The Grand National
The most valuable jump race in Europe is almost here and it is incredibly prominent within British culture. The Grand National has been held at Aintree Racecourse since 1839, when it was first run 180 years ago. It is a handicap steeplechase over 4 miles and 514 yards, with the horses jumping 30 fences over two laps. The fences are much larger that the fences found at regular national hunt tracks; the jumps Bercher’s Brook, The Chair and the Canal Turn have become famous in their own right.
For three years during the first World War, an alternative race was held at Gatwick Racecourse, due to Aintree Racecourse being taken over by the war office. The Gatwick Racecourse is now a disused course on land occupied by Gatwick airport.
At the 1928 Grand National, an extraordinary event happened - 41 out of the 42 starters fell during the race, due to adverse weather conditions. As the field approached the Canal Turn, Easter Hero fell, causing a pile up from which only 7 horses emerged with seated jockeys. The number then reduced to 3: Tipperary Tim, Great Span and Billy Barton. Great Span’s saddle slipped leaving Billy Barton in the lead until he fell. Tipperary Tim finished first with the outsider odds at 100/1.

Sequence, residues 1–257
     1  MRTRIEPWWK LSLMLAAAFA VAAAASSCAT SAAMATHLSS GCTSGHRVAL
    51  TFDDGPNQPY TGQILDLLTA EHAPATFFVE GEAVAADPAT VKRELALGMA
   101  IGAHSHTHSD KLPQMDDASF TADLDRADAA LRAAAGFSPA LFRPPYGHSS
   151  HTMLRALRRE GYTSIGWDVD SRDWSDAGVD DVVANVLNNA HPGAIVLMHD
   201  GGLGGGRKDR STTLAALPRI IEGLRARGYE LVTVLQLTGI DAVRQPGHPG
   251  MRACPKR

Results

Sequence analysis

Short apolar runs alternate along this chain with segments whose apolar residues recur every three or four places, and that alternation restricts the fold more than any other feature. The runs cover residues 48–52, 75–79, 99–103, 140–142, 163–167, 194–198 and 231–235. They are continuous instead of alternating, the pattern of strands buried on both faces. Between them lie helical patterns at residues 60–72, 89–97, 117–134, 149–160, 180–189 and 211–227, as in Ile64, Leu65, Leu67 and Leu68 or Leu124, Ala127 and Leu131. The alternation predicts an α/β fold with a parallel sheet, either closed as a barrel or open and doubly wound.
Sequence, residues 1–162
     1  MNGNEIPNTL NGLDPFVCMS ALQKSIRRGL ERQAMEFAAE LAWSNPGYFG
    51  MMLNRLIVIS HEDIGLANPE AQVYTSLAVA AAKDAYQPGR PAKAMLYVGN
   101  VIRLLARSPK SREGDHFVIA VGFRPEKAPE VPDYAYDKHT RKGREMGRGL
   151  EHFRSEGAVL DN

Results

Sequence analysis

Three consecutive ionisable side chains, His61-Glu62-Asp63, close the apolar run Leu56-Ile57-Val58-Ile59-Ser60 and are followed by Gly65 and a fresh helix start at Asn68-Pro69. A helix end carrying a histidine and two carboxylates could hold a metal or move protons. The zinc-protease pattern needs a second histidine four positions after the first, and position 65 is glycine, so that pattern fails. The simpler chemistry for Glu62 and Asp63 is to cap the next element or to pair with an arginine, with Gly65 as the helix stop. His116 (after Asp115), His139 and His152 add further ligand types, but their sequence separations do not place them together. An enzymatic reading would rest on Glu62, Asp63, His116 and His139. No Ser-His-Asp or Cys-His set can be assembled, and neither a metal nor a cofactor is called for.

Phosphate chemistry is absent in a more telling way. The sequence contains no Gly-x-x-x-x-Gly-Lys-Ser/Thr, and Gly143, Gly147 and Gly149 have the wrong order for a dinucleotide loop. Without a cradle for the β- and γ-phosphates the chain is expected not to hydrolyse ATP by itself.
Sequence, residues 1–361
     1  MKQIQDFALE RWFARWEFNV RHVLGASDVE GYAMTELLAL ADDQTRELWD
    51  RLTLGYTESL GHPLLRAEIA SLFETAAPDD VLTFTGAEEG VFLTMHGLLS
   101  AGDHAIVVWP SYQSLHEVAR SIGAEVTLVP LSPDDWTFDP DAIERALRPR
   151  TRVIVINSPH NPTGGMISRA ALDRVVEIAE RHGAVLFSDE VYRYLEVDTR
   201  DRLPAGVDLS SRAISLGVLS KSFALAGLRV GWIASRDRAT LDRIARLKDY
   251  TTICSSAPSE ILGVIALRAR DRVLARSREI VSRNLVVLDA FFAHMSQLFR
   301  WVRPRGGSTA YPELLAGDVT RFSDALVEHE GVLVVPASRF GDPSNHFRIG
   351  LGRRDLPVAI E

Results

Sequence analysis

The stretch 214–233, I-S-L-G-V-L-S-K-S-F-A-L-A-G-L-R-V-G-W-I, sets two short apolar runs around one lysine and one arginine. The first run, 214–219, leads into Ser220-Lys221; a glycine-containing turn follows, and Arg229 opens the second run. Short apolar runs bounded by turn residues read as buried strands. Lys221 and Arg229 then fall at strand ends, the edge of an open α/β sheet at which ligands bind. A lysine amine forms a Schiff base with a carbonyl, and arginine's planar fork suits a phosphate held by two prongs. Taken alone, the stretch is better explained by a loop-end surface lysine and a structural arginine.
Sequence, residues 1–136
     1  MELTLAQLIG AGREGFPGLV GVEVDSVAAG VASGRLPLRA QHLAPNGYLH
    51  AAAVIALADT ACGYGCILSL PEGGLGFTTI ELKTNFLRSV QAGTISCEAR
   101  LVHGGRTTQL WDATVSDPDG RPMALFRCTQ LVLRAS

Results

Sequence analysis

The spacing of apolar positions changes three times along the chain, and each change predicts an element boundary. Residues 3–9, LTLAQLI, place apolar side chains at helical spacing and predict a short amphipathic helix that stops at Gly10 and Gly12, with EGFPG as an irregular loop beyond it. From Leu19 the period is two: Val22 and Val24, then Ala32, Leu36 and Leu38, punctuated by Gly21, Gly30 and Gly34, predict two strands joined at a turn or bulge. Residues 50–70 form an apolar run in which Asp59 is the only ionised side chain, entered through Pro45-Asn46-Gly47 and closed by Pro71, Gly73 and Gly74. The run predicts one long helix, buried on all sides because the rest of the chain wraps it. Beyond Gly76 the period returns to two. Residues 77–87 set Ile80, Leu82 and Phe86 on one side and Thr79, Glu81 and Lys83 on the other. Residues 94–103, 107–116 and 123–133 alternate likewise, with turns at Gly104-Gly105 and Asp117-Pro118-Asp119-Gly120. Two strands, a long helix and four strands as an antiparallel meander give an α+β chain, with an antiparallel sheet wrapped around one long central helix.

In 1941 during the second World War, Aintree was occupied for defence use, meaning that the Grand National could not be held during 1941-1945.
During the 1970's, Red Rum was breaking all records to become the most successful racehorse in Grand National history. Red Rum became, and remains as of 2018, the only horse to have won the Grand National 3 times, in 1973, 1974 and 1977. He finished second in the intervening years, 1975 and 1976, turly earning his position as one of the ‘Three Kings.’
The 2018 Grand National was won by Tiger Roll ridden by jockey Davy Russell for trainer Gordon Elliott. Tiger Roll will be running again this year.
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